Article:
Old Forester has grown to become one of my favorite brands when it comes to bourbon reviews. From their sought after “Birthday Bourbon” to their 100 proof Rye, I’ve found numerous offerings from them to be quite enjoyable.
While looking around today, I came across a great history lesson on Old Forester from Charles K Cowdery and wanted to share it with you. Take a look at the article below and let me know if you learned anything new!
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We probably should be grateful that Old Forester is still around. If sales results were the sole criteria, it wouldn’t be, but something else is at work. Look at the label, the answer is there in the signature below the handwritten text: George Garvin Brown.
He founded the Brown-Forman Corporation and the family dynasty that still runs it. It is comforting to know that even a giant company like Brown-Forman can be sentimental. Old Forester is still around because it is the product on which Brown-Forman was built.
About Old Forester
Old Forester was born in 1870. George Brown was a whiskey merchant in partnership with his older half-brother.
In those days, distilleries and distributors sold whiskey in barrels to bars and groceries, who sold it to consumers either by the drink or by filling a container the consumer brought from home.
Many less than scrupulous merchants watered the whiskey or “extended” it with unaged spirits and other, sometimes toxic, substances.
Among those who complained about this practice were physicians, who often prescribed whiskey as a tonic and anesthetic. George Brown, who previously worked for a wholesale drug company, knew about this complaint and got the idea of selling whiskey only in sealed bottles, so a buyer could trust the contents.
He was aided by the increasing availability of mass-produced and, hence, lower cost bottles, although it would be another 30 years before Michael Owens invented the first fully automated bottle-making system.
Originally, the name was spelled “Forrester” and Brown bought whiskey from distillers like John Atherton and Ben Mattingly. Brown prided himself on his skill at selecting and blending several whiskeys to create his brand.
This was not the “blended whiskey” we know today, which may contain very little straight whiskey. Old Forester was a blend of several straights, of various ages and from various distillers, but nothing else was added. In those days before modern production control methods, many believed this was the only way to produce a product of consistently high quality.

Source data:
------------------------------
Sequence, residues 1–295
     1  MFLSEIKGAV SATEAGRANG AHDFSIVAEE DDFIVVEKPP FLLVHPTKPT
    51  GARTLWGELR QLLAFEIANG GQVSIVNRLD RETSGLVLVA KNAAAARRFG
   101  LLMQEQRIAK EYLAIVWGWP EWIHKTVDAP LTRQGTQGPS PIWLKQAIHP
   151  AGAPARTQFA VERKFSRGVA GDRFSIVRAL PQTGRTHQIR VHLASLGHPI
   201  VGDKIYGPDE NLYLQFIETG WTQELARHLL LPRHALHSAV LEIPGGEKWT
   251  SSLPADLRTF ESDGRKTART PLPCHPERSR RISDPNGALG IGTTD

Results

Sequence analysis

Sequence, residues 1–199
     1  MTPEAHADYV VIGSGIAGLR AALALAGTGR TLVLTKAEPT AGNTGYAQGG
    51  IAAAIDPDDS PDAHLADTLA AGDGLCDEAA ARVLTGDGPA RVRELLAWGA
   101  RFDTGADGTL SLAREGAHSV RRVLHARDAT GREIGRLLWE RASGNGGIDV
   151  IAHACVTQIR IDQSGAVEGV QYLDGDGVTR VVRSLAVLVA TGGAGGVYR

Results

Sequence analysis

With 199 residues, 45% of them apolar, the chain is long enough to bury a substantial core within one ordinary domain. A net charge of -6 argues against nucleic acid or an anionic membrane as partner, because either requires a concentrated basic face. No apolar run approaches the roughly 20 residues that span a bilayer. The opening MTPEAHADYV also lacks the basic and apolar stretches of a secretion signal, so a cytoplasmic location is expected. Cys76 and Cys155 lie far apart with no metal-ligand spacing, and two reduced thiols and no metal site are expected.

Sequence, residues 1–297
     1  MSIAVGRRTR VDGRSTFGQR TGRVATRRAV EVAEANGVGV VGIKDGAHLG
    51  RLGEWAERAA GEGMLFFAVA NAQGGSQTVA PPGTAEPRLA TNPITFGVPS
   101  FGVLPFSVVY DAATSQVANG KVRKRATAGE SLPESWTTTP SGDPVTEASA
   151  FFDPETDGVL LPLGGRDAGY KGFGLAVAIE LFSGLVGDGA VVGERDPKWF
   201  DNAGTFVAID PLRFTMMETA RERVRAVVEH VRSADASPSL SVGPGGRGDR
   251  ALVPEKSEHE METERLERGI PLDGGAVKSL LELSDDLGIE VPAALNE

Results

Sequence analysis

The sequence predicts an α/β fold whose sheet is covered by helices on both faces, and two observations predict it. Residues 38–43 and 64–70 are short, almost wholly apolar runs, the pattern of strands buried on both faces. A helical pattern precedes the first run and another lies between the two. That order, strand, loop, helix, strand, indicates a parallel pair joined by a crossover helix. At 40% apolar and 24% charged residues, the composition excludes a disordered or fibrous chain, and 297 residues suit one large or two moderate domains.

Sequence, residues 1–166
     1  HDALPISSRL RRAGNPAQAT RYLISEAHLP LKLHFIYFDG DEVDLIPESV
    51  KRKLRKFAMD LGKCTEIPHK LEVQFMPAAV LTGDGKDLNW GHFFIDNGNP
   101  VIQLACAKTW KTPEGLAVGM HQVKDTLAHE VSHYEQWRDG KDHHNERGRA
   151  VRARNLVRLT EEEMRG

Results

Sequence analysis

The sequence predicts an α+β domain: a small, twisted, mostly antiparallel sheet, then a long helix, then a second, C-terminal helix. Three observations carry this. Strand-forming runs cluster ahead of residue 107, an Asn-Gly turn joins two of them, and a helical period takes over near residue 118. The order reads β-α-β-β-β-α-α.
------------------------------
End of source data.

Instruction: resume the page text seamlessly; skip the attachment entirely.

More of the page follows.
In 1902, Brown bought Ben Mattingly’s distillery in St. Mary’s, Kentucky, and became a distiller. George Brown died in 1917 and control passed to his sons. Their descendants still run the company today.
Until Prohibition, Old Forester was Brown-Forman’s primary product. After Repeal, other brands the company acquired took the lead. Two of those, Early Times and Jack Daniel’s, became the company’s top selling whiskeys.
Today’s Old Forester is a straight bourbon, made at the company’s distillery in Shively, Kentucky, a Louisville suburb. It is 86-proof and still has George Brown’s handwritten statement and signature on the label. The mashbill is pretty standard at 72 percent corn, 18 percent rye and 10 percent barley malt.
Old Forester’s Taste & Color
Old Forester’s color is light amber, slightly dusky. The nose is a little hot, but not acrid. Body is medium and the taste has a toffee quality, with a hint of soot in its dry finish. The finish is evanescent as the whiskey seems to magically evaporate off the tongue.
Bourbons are generally considered the most brash of whiskeys, but Old Forester’s charms are subtle. It rewards a careful and thoughtful taster. Since the introduction of Woodford Reserve, Old Forester hasn’t gotten much attention.
Too bad, eespecially since, until the whiskey distilled at Labrot & Graham comes on line, it is essentially the same product for a much lower price.
Old Forester Kentucky Straight Bourbon Whiskey, 4 years old, 86 proof.
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